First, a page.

Via this Flyertalk thread, Southwest announced on Friday that their flight attendants have approved contract language permitting the Dallas-based carrier to launch over water flights.

AirTran, Southwest’s recent purchase, already serves some international destinations in the Caribbean. However, this decision is seen as paving the way for Southwest to begin routing to Hawaii, Puerto Rico, and other markets not currently served by either Southwest or AirTran.

I will definitely be keeping an eye on this story for personal and blogging reasons, and I’ll be ready to add Southwest to my list of the Cheapest Ways to Get to Hawaii should it announce service.

I’ve been seeing great fares to Hawaii all year–I jumped on a $360 fare from LAX last month for December–possibly because of increased competition from this year’s new entrant–Allegiant Air. Southwest’s entry could only help sun, sand, golf, plate lunch, and Pidgin lovers further.

Recap

Don’t get the Hilton cards unless you are desperate for Hilton points and already have the Hawaiian Airlines and Virgin Atlantic Cards. 50k points doesn’t equal 50k points doesn’t equal 50k points. HHonors points are among the least valuable currency around.

Aeroplan is rebranding. There are positive and negative changes, so whether it benefits you depends on your circumstances.

Southwest is inching closer and closer to Hawaii. That’s good news for everyone except the legacy carriers!


Editorial Disclaimer: The editorial content is not provided or commissioned by the credit card issuers. Opinions expressed here are author’s alone, not those of the credit card issuers, and have not been reviewed, approved or otherwise endorsed by the credit card issuers.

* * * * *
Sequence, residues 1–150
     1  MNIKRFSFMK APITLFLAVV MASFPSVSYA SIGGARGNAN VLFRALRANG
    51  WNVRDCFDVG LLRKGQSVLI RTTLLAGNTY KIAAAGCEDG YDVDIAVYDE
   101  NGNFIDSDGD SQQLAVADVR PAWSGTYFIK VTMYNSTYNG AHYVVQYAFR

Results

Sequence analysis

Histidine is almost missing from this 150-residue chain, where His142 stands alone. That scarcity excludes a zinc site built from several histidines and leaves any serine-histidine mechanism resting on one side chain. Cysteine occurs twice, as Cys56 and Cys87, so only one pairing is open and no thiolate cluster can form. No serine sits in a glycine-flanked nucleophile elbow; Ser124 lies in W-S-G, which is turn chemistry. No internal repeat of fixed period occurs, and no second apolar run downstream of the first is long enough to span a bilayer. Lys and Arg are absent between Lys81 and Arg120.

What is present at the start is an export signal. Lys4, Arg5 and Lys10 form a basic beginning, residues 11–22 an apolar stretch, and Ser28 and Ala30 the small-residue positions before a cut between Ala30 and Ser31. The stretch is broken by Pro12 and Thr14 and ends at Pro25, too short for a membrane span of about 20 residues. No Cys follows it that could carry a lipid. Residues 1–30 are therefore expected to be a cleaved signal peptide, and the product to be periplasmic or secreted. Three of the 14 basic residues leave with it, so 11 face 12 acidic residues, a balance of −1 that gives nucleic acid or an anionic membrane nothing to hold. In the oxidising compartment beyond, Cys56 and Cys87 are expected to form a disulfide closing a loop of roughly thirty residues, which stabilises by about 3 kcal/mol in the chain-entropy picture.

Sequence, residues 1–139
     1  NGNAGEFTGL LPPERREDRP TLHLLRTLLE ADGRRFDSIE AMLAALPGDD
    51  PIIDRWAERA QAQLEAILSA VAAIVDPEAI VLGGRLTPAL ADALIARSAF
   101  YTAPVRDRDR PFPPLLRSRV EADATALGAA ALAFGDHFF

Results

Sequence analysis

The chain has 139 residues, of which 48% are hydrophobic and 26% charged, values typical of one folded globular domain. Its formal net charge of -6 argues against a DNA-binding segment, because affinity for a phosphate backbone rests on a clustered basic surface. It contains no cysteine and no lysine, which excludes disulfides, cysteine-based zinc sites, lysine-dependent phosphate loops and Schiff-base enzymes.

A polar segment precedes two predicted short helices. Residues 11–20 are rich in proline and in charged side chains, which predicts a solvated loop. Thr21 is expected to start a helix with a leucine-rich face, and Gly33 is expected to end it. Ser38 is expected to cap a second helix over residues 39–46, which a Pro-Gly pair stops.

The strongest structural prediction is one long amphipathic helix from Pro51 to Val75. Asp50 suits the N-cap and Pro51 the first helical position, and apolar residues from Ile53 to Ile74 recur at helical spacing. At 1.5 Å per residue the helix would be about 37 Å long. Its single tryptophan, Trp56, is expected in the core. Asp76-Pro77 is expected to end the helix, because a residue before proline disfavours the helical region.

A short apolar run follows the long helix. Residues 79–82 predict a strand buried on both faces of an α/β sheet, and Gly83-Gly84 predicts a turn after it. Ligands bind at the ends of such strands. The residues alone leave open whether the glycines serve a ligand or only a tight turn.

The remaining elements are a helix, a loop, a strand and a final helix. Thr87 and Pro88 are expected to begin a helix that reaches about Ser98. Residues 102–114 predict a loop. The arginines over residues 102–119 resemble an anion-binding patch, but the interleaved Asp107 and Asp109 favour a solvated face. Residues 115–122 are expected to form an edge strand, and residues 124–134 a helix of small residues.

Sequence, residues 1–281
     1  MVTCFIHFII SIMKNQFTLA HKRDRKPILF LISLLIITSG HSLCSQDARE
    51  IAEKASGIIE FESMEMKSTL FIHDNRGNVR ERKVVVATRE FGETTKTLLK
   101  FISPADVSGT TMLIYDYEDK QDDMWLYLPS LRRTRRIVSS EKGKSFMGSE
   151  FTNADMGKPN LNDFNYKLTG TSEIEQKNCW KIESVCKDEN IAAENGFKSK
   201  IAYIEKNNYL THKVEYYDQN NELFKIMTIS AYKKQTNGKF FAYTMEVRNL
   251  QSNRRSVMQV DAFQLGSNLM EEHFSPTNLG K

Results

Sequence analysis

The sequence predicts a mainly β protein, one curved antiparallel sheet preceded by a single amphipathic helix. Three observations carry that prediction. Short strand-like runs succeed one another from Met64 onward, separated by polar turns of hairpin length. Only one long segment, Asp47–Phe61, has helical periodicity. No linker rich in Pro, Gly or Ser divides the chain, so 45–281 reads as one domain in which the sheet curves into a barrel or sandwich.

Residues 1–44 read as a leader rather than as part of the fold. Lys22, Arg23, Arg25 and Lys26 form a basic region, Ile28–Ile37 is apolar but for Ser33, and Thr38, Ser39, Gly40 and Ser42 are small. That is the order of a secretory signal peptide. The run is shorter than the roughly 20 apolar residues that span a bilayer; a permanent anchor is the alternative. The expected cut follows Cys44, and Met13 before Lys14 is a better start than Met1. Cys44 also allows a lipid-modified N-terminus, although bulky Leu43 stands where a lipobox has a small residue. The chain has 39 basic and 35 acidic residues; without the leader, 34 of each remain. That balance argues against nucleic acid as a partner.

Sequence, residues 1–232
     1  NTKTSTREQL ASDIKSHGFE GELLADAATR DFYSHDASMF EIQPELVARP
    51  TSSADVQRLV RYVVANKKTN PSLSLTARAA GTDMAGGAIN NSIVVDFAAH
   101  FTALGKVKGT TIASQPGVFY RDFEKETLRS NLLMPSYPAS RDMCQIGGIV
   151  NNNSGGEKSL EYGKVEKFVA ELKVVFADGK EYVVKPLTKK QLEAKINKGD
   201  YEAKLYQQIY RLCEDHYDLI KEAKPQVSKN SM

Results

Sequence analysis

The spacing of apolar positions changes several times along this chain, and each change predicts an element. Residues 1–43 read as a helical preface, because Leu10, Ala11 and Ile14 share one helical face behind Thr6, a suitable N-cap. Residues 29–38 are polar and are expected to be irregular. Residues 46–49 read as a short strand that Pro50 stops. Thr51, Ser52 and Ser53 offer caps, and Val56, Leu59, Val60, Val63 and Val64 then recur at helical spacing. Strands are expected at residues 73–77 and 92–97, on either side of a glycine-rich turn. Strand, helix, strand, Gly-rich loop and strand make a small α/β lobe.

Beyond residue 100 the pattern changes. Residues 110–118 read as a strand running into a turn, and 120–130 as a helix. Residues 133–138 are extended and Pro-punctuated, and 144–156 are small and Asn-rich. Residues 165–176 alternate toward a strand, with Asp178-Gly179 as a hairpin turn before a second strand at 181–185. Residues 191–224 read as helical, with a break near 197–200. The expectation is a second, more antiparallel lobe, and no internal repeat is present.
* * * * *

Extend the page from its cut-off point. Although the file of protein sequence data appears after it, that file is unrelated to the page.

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16 COMMENTS

  1. I was looking to get the 60k Hilton Amex so I can get the Axon award. Is there another way to get discounted award redemptions for Hilton? Like Axon?

  2. I have to completely disagree with you here. The benefit of having a Amex Hilton card is for the Axon awards which is a great value for redemption especially at Cat 5,6,7 Hilton hotels. If I have 725K Hilton points and I’m redeeming all of these at Cat 7 hotels for 4 nights at a time (where my redemption rate would be 36.25K/night, I would have 20 nights. If I used a regular redemption of 50K/night (not assuming GLON awards), I would only get 14.5 nights. I’m getting an extra 6.5 nights right there. Depending on which hotel you go, that’s a lot of free money right there. Even if you’re using 4 nights at 145K, that’s still better than 200K.

    • Yes, that is the only value of this card. I was told by a Hilton rep that I could use “any AMEX” and the booking code AXON to AXON benefits. I don’t know whether that’s true. If it is, then these cards are worthless.